The newly-implemented three-batter minimum for pitchers in Major League Baseball is supposed to speed up the game.
The thought process is there: Less pitching changes means less breaks in action. Less downtime between play means the game would run quicker, right?
That remains to be seen.
No matter the reason for the rule change, this move vastly changes the way teams use their bullpens, and especially specialists saved for specific matchups. Could this rule change weed out the pitchers who dominate one side of the plate like Byun-Hyun Kims and Mike Meyers of previous Diamondback eras.
The current D-back who would be potentially affected most by this rule change is Andrew Chafin. The southpaw has cemented himself as an option that Torey Lovullo utilized consistently against opponent’s best lefties. Of Chafin’s 77 appearances last year, he faced less than three batters in 37 of them.
So how does Chafin feel about 48% of his appearances in 2019 not being legal in 2020? His demeanor when the rule was brought up to him might give a good indication.
Of the lefty’s two signature facial features – his (almost) ever-present grin and his mustache – only one remained when I asked him about the batter minimum…and he hadn’t shaved that day.
“I get paid to pitch,” Chafin said. “I’m going to go out and pitch. Whatever they tell me to do, that’s what I’m going to do.”
The pitcher is entering the seventh year of his career, all with the Diamondbacks, and doesn’t plan to change the way he prepares for the upcoming season with the new rules in place. He said he isn’t worried that it will hurt his production, but believes the rule is attempting to fix an issue that isn’t there.
“I’m going to treat it the exactly same, be prepared to pitch on any given day as much as I need to pitch.”
The thing going for Chafin is while he’s especially effective against left-handed hitters – opponents from that side of the plate have hit .228 against him in his career – he faces right-handed batters about 40 percent of the time and the jump in hitting production is slight. In 2019, right-handed hitters hit .256 against him while lefties hit .258.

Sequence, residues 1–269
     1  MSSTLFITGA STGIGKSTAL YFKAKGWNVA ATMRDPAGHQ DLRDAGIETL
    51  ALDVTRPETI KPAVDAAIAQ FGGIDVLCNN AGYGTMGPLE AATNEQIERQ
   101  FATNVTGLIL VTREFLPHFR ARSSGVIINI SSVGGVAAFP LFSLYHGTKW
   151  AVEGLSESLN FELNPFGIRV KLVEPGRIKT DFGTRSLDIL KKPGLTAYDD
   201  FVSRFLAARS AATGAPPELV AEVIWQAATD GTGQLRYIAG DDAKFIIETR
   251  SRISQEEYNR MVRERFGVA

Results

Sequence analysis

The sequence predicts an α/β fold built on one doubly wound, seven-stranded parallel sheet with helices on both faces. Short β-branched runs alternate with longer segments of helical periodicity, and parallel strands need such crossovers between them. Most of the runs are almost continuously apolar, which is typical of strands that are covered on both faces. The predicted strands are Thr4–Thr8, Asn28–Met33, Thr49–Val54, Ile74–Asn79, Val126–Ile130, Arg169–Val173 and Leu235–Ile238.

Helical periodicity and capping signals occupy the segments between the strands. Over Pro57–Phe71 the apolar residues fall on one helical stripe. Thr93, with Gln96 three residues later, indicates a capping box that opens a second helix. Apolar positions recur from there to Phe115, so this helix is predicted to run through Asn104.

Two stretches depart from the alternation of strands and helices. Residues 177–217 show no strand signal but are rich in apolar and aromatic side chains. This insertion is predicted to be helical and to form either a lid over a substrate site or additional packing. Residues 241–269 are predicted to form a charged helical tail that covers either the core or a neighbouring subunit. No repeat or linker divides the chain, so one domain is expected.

A rule like this would have been a potential grenade for players like Byun-Hyun Kim, where left-handed batters slashed about 100 points higher across the board than right-handers. But Chafin has been effective against both sides of the plate in his career.
“I preserved Andrew Chafin to the best of my ability to face the top left-handed hitter in every lineup knowing full well that he could get right-handed batters out too,” manager Torey Lovullo said. “He’s got a lot of success, it doesn’t matter who he’s facing.”
Despite the evidence “The Sheriff” can be effective against batters on both sides of the plate, Lovullo said he’s still “getting his arms around” how to most effectively deploy Chafin, who led the team in appearances last year, under these new guidelines.
“Because of the amount of usage, I would always pick those critical times and preserve him the best way I could. I can’t do that now. I’ve got to kind of reload my thoughts on what the best angle is for his usage right now.”
Lovullo revealed the team has put a new focusing on bunting for Chafin in case they need him to go to the plate after coming into the game, which hasn’t happened since 2015 and occurred only five times in the pitcher’s Major League career.
There is uncertainty on the effect this will have on the game and bullpens specifically, Lovullo feels confident featured southpaw in the ‘pen will adapt as the coaching staff does the same.
“I don’t know yet, but we’re probably going to get some thoughts and outline how we use him, but I don’t have any issues that he can face any type of hitter.”